This week, we’re doing something a little different. Since it’s been almost exactly a year since the coronavirus pandemic changed life in the United States in earnest, we wanted to talk about what we’ve learned from this deeply weird year of sports, whether there are any changes we made during the pandemic we’d like to keep, and what we don’t see ever “going back to normal.”
We’ve learned a lot. We learned how much flexibility sports that seemed set in stone can actually handle. We learned how much sports is a mirror that reflects larger trends in society. We learned how much sports means to us and brings us joy. But we also learned the limits of that joy, as we watched organizations bumble their pandemic responses and society at large fail to make it safe for athletes to play. There are some fun statistical questions to ponder about how much the 2020 (and 2021) pandemic seasons will “count” both for forecasting purposes and for individual legacies. There are sports that benefited from changes in scheduling and were able to break through (women’s sports, particularly the WNBA). There are sports (particularly Olympic sports at college and youth level) that may never fully recover. In the end, we’ll probably think about this time in a similar way to how we think about sports during World War II. For some, the pandemic will represent lost years. For others, it will look relatively normal. Well, except for all those cardboard cutouts of fans in the stands — those will probably still look weird.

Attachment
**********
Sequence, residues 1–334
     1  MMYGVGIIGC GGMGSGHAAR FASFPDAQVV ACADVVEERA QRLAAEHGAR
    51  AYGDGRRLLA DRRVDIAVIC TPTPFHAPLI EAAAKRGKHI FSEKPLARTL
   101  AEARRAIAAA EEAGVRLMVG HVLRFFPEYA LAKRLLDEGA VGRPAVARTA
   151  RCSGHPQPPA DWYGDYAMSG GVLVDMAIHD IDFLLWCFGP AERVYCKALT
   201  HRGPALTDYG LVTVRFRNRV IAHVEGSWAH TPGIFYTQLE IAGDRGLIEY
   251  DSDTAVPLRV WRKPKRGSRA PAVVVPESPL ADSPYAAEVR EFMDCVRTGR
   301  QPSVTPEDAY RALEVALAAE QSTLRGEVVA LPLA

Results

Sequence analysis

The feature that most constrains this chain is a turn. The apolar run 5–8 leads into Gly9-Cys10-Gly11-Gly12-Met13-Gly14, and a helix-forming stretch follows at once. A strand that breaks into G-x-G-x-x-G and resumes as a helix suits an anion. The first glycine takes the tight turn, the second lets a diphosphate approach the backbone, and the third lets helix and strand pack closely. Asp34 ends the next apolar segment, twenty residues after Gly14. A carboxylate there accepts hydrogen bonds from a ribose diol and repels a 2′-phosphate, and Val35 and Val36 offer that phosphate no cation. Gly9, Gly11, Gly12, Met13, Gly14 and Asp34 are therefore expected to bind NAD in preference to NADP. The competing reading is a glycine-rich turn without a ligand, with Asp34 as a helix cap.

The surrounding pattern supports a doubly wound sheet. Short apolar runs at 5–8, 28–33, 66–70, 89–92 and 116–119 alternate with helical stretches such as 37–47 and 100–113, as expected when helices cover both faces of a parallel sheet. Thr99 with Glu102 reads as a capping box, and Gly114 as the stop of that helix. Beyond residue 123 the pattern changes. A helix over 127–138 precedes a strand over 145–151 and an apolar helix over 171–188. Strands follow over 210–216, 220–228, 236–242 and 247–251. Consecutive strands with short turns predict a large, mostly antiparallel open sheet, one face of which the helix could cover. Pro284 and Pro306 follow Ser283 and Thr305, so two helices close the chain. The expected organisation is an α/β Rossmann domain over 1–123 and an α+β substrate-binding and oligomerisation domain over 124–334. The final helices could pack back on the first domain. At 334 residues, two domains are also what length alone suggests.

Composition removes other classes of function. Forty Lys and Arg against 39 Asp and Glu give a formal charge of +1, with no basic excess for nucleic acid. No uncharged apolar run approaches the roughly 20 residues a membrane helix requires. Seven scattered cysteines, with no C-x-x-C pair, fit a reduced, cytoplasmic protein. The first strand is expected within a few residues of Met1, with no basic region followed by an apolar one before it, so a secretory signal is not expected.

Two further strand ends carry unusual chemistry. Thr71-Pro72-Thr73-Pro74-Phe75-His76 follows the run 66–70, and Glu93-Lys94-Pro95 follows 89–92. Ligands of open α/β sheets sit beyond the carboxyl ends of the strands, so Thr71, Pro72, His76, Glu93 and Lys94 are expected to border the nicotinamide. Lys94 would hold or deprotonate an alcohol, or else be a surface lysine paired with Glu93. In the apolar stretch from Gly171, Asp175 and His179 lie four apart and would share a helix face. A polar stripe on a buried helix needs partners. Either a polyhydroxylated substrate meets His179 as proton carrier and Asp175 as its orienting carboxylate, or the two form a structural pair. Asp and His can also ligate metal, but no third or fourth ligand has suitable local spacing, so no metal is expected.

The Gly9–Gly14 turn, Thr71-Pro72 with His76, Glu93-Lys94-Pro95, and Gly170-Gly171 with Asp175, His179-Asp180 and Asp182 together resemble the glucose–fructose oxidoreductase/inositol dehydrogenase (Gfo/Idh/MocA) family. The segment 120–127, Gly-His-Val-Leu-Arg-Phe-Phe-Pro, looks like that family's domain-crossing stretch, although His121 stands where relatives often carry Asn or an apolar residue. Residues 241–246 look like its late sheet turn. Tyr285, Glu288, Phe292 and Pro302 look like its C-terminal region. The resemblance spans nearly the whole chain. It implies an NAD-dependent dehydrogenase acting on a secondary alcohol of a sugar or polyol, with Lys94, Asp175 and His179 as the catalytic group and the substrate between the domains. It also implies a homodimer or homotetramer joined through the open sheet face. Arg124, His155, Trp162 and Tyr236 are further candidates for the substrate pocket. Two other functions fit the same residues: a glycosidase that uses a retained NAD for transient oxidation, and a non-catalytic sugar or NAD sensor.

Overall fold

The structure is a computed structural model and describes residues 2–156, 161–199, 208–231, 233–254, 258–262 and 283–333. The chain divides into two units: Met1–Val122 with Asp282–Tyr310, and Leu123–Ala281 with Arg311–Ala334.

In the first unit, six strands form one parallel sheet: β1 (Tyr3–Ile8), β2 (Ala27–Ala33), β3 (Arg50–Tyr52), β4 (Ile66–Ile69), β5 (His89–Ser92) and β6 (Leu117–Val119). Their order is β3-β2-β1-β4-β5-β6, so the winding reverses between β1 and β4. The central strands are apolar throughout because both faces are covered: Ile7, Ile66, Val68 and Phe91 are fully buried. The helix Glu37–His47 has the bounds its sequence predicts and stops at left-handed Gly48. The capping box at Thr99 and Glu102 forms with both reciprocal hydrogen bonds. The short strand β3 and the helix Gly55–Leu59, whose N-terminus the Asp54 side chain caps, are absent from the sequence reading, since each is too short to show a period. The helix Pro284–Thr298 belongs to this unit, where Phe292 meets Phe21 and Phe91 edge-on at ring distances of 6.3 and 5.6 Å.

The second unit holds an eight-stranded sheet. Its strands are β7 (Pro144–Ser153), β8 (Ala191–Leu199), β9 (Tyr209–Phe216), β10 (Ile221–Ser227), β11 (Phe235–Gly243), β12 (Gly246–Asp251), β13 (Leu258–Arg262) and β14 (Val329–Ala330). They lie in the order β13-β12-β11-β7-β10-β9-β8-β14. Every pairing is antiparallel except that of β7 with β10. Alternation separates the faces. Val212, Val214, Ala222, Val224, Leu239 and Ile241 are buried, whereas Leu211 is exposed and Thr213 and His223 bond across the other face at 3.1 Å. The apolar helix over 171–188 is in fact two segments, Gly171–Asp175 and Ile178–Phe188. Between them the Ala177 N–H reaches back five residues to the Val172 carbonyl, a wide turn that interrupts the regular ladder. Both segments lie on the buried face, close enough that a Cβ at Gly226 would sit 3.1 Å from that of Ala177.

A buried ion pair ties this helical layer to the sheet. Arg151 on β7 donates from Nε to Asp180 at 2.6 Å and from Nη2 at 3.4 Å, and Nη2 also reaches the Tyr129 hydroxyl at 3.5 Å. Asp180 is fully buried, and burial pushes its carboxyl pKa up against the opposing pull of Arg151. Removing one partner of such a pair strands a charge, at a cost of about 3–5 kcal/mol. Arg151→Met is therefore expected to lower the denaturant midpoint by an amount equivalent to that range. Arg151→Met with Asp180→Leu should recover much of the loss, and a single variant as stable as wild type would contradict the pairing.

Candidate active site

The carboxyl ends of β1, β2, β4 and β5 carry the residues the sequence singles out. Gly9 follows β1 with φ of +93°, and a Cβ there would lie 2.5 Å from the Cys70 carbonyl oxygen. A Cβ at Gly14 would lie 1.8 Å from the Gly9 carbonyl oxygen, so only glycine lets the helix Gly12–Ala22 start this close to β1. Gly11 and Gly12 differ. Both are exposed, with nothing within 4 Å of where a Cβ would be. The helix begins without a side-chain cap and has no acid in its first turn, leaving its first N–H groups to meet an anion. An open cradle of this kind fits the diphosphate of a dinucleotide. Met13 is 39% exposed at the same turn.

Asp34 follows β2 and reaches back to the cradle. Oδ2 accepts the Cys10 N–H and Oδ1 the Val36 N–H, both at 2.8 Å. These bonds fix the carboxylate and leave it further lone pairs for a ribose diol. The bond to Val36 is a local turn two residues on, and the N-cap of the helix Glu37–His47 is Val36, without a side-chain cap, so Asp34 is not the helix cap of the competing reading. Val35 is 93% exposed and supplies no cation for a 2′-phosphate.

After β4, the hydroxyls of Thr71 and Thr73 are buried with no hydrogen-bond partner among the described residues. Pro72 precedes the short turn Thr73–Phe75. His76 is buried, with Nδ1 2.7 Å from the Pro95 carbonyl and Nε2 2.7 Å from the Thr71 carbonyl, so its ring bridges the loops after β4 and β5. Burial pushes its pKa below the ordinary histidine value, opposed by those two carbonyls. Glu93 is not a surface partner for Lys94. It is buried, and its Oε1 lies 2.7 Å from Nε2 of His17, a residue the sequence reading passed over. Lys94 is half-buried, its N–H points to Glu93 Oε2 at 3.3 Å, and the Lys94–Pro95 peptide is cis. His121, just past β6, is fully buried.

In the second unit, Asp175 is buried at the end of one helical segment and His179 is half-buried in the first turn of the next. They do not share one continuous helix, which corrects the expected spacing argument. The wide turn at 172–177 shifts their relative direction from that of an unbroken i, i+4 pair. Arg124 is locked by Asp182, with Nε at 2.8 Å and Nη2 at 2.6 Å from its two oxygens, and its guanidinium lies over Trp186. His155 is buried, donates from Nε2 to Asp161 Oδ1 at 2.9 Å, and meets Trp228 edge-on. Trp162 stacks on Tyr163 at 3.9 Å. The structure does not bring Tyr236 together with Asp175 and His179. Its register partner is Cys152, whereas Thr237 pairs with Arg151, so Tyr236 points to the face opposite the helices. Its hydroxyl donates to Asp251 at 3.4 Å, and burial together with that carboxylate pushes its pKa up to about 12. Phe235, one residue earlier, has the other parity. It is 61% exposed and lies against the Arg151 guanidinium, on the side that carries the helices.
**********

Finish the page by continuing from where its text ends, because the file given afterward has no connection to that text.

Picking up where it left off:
Then, in the Rabbit Hole, Neil talks about the NBA All-Star Game and the best All-Star Games of all time. MVP Giannis Antetokounmpo went an incredible 16-for-16 shooting for Team LeBron (against a Team Durant weakened by injuries, it must be said), the highest-scoring perfect completion rate ever in an All-Star Game. This leads us to speculate on LeBron, who only scored 4 points, transitioning more into a coach or an owner role at the All-Star Game, and alternate formats for the All-Star Game in general. The NBA and NHL should have fun experimenting more, we think, but MLB needs to keep its All-Star Game exactly as it is. The less said about the Pro Bowl, the better.
What we’re looking at this week: